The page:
New Delhi: There is inadequate realization in this country that it is dealing with a pragmatic and progressive Pakistan army chief. General Qamar Javed Bajwa’s relations with prime minister Imran Khan also require appreciation and study although they appear on the surface to be even, friendly and animated by mutual respect. General Bajwa has long been a student of India. This doesn’t make him pro-India by any means but he nevertheless understands the value of peace with the giant eastern neighbour for Pakistan’s rise and all-round development. The institution of the Pakistan army is strong and has resisted fractures in earlier periods of military rule and war losses to India. It goes without saying that General Bajwa’s direct peace overtures to India made during a visit to the Line of Control last week and mostly missed by the Indian media has the approval of the Pakistan army’s corps commanders. The Kartarpur corridor is one manifestation of it. The other is, by its very nature, Pakistan-centric, but its message to the world is all the same reassuring. Islamic zealots led by Khadim Hussain Rizvi who were challenging the authority of the Pakistan state and state institutions like the Supreme Court and the army in the Aasia Bibi case faced a crackdown across the country last week leaving state-Islamist relations torn and bleeding. Pakistan needs encouragement in that direction and some of it has to come from India from its non-Hindutva and secular-constitutional avatar.

The key thing to understand is that while Imran Khan is the face of a hesitantly changing Pakistan, the real mover is the Pakistan army. Imran Khan is not your average dynastic Pakistani politician. He doesn’t necessarily represent a political or politico-religious ideology. He is the equivalent of the third force in politics while the first two are represented by the Sharief and Bhutto families. Dealing with Imran Khan is not to exclude traditional political forces but simply to recognize present power realities. The constant, however, is the Pakistan army and this institution needs delicate and creative handling.

From the outside, it appears that there is greater appreciation in the Pakistan army that terrorism as a countermeasure against perceived Indian hegemony in South Asia is subject like all else in the material world to the law of diminishing returns. The fear of India drove Pakistan to seek strategic depth in Afghanistan but it had to own Afghan jihad in the process which has created almost insurmountable problems for the country domestically. The jihad culture underlay the attack on the Chinese consulate in Karachi in which Baluch separatists spectacularly were involved. The Aasia Bibi blasphemy case is another example where a free pass to Islamists has threatened the very survival of the Pakistan state. The last factor signifying the diminished value of terrorism for the Pakistan state is its inability to influence the geopolitics over Kashmir. Although Kashmiris may not readily admit it, terrorism is something which sits ill with their practise of Sufism and their general way of life. The psychological impact of militancy and counterterrorism operations has been vaster and deeper in Kashmir than in comparable conflict zones in other parts of the world. Whatever else it does for India’s image as a liberal democracy (it dreadfully damages it), it does not portray Pakistan in good light.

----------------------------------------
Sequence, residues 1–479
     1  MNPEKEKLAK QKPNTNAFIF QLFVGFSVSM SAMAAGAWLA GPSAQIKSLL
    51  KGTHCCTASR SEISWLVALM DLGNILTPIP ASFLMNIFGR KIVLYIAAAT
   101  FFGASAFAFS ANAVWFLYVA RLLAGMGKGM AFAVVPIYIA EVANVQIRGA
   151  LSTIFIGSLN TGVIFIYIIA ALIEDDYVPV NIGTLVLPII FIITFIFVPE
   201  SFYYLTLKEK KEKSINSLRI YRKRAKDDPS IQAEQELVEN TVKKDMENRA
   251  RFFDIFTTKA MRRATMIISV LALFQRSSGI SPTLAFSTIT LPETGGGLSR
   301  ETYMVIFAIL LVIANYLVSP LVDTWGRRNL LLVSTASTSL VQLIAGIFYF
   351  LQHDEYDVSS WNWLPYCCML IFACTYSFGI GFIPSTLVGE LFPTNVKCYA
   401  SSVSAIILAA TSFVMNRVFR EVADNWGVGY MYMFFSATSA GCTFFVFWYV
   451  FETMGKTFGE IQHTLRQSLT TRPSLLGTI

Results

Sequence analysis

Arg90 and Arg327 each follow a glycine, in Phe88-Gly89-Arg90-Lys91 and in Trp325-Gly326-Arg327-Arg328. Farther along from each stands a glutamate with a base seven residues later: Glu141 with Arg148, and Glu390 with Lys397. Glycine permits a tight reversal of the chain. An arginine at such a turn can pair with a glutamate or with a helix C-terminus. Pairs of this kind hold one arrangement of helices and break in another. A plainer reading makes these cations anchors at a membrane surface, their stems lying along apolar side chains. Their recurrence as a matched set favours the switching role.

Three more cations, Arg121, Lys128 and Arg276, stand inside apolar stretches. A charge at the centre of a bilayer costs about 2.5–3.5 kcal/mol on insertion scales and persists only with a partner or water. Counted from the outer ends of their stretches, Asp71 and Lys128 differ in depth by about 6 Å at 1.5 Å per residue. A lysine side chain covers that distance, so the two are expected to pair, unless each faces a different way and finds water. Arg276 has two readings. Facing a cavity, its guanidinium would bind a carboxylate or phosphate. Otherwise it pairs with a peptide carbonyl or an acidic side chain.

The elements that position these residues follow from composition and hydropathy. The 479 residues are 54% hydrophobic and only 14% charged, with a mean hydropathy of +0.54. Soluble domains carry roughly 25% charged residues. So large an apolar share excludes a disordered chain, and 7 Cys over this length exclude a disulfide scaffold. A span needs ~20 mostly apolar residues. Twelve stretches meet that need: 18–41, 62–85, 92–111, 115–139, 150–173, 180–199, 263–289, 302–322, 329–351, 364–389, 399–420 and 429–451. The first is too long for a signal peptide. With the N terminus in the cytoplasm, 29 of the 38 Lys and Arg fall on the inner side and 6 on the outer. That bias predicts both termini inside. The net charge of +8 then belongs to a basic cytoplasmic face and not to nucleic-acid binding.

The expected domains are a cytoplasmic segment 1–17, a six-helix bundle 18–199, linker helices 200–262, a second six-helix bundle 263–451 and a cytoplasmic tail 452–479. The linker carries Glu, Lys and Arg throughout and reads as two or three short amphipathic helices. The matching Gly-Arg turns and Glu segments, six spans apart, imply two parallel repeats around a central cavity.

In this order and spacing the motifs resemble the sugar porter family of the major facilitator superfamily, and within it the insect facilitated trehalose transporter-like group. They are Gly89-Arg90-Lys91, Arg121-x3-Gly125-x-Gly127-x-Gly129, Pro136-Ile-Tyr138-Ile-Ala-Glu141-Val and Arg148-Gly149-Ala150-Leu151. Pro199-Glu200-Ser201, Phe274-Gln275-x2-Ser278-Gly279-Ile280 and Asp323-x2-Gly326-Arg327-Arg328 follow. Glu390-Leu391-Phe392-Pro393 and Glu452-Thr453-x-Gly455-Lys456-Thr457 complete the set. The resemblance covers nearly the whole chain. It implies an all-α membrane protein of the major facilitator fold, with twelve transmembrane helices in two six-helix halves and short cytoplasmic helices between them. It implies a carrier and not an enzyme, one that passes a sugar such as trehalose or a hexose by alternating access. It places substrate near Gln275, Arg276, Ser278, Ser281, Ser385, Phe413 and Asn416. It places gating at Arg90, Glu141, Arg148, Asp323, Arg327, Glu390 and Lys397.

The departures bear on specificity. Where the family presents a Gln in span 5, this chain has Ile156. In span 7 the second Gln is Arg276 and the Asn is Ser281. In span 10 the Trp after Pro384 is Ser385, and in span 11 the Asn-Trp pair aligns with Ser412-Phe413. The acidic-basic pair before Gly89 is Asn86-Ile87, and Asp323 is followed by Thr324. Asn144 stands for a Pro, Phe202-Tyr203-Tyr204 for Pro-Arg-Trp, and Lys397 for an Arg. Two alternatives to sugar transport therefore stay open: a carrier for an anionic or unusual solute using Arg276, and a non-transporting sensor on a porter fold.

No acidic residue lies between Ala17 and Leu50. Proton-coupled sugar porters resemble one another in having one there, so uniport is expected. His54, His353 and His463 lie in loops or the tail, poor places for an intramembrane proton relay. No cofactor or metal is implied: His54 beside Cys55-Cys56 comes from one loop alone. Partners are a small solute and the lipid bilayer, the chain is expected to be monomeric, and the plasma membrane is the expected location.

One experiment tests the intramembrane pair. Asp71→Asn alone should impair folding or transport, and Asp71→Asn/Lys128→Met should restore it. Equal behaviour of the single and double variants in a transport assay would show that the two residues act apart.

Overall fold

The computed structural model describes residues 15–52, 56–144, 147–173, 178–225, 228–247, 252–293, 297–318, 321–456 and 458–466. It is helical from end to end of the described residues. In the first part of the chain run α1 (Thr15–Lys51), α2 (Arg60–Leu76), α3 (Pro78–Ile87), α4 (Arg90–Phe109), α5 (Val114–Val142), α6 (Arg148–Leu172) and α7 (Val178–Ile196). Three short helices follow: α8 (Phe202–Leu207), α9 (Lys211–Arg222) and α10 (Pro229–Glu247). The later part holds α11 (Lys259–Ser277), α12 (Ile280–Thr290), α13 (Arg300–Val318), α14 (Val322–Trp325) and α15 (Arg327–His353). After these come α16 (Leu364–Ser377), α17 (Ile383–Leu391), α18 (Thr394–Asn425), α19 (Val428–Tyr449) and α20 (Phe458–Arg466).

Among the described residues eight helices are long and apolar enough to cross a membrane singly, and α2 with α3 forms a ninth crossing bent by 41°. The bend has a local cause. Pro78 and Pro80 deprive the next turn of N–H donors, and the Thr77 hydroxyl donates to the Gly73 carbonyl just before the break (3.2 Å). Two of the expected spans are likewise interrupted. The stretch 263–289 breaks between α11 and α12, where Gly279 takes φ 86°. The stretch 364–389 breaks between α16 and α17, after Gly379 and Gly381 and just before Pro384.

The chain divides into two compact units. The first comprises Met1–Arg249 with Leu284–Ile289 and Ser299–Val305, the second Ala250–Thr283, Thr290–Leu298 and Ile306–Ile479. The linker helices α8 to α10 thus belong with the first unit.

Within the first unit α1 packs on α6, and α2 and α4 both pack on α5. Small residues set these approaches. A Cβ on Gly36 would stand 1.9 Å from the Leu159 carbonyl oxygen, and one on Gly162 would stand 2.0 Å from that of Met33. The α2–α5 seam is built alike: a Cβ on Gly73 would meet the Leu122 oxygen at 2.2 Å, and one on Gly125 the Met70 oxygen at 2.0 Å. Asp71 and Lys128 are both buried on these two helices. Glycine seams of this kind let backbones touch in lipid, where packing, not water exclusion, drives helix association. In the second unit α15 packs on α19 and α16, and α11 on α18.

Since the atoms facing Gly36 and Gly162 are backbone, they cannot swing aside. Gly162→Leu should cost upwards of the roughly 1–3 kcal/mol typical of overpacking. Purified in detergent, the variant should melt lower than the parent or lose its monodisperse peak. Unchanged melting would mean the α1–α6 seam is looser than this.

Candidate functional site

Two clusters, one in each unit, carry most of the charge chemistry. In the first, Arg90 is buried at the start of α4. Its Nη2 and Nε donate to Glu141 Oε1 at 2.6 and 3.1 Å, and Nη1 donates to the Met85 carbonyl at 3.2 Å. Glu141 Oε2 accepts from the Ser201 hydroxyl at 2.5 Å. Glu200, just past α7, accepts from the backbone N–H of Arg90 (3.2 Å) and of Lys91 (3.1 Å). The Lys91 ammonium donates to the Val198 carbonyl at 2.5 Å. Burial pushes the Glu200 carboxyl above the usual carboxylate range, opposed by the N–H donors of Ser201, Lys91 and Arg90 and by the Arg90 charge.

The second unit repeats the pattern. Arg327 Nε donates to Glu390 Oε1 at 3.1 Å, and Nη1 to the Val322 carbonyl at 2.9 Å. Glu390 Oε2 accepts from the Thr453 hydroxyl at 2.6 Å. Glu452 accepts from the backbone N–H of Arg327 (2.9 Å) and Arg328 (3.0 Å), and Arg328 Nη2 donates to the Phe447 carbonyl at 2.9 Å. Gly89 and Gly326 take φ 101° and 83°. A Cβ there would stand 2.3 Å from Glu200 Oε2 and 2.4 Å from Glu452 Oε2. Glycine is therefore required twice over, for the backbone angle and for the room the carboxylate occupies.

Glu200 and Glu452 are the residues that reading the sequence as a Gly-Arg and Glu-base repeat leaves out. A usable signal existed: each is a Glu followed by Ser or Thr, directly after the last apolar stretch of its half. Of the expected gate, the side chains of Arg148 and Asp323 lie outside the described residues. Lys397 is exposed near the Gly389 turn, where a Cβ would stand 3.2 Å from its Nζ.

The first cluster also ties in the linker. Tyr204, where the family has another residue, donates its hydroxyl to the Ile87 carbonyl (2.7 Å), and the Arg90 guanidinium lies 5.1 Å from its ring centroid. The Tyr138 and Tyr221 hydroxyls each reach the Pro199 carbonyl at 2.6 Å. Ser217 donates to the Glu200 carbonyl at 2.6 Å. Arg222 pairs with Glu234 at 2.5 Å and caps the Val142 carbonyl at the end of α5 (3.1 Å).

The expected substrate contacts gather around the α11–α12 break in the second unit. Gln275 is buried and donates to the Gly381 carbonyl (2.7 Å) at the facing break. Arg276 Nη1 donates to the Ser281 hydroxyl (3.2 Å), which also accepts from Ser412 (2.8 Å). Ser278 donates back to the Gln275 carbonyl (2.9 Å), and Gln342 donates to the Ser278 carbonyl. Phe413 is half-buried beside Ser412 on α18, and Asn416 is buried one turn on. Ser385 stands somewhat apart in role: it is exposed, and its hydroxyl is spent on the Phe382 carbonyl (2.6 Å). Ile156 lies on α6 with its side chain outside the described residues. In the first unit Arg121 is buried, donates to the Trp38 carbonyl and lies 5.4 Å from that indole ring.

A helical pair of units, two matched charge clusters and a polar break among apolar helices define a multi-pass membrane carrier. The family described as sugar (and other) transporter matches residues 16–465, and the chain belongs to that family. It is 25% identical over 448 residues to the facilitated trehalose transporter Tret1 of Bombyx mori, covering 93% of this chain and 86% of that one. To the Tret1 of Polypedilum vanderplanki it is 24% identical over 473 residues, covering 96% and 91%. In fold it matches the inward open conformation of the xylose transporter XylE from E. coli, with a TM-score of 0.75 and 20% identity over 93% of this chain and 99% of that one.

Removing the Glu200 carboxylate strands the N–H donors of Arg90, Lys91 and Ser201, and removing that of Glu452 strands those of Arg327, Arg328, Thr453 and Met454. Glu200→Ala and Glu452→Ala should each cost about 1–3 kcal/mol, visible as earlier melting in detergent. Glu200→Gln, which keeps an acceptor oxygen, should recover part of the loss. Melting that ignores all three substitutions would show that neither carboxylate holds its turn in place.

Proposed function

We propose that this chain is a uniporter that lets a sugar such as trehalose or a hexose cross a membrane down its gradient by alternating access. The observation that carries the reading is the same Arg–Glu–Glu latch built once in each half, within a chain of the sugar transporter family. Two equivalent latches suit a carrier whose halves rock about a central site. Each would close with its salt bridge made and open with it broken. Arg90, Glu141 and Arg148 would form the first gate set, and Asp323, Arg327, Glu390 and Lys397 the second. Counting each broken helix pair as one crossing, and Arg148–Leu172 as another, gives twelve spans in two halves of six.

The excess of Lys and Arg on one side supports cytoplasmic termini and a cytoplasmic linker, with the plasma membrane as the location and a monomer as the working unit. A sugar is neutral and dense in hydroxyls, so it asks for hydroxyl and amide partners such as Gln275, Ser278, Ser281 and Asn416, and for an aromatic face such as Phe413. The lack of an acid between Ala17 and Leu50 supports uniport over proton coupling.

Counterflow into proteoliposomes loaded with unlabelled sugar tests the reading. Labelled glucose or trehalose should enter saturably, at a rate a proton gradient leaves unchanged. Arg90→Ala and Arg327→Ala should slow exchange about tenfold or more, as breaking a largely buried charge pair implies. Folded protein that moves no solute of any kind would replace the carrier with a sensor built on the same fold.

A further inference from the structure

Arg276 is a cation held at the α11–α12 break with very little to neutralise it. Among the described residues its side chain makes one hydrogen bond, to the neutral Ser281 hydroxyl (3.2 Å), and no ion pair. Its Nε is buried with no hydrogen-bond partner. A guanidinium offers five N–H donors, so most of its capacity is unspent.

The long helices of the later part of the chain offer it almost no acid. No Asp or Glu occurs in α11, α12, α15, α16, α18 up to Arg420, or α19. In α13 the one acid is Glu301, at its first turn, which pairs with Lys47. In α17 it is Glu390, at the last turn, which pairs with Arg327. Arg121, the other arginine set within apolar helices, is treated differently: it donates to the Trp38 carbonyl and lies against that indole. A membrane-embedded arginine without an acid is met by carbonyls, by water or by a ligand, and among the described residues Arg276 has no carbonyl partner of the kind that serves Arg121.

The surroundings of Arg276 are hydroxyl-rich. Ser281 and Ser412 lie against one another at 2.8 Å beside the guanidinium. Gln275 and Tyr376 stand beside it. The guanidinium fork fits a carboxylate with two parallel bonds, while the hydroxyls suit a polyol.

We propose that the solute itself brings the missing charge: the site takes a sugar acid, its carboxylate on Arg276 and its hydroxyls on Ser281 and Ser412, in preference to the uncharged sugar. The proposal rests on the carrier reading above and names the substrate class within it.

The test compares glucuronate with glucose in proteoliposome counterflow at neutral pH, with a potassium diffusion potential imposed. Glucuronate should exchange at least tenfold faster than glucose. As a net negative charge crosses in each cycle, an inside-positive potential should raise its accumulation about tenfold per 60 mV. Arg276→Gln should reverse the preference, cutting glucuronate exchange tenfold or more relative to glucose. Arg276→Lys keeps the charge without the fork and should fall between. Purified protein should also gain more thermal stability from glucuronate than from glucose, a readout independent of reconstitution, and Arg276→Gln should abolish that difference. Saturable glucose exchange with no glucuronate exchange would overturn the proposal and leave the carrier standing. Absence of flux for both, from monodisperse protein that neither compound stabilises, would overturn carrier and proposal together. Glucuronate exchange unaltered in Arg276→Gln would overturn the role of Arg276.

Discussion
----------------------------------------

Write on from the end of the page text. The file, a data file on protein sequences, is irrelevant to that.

Over and above the dwindling impact of terrorism is the notoriety it has brought to Pakistan accompanied by economic and social ruin. Pakistan’s survival in a world dominated by geo-economics depends on cleansing itself of violence and terrorism. In the long run, China will wash its hands of Pakistan if terrorism is not brought under control: the last thing it wants is Uighur terrorism getting oxygen from China’s CPEC investments in Pakistan. On the other hand, the United States has made its displeasure with Pakistani terrorism in Afghanistan immediately clear and both American defence aid to Pakistan and American clearance for an IMF bailout for it have been denied. US pressure on Saudi Arabia with its links to Pakistani terror groups is awaited and once that comes, Pakistan will be gasping for breath.

At least some if not all these factors have possibly affected mindsets of the Pakistan army leadership. Sustaining the pressure on Pakistan, India could take incremental steps towards peace with the western neighbour. The situation today is substantially different from the days of Nawaz Sharief when he was driving the peace effort with India with only grudging support of the Pakistan army. Presently, the army appears to be on board with Imran Khan’s peace moves. Indeed, it may even be argued that the Pakistan army is the prime mover. Cautiously, India ought to open a second channel of dialogue with the Pakistan army while in no way undermining Imran Khan. Pakistan is on the cusp of change which appears positive from this distance. It creates opportunities which India must not forgo while remaining aligned with national interest.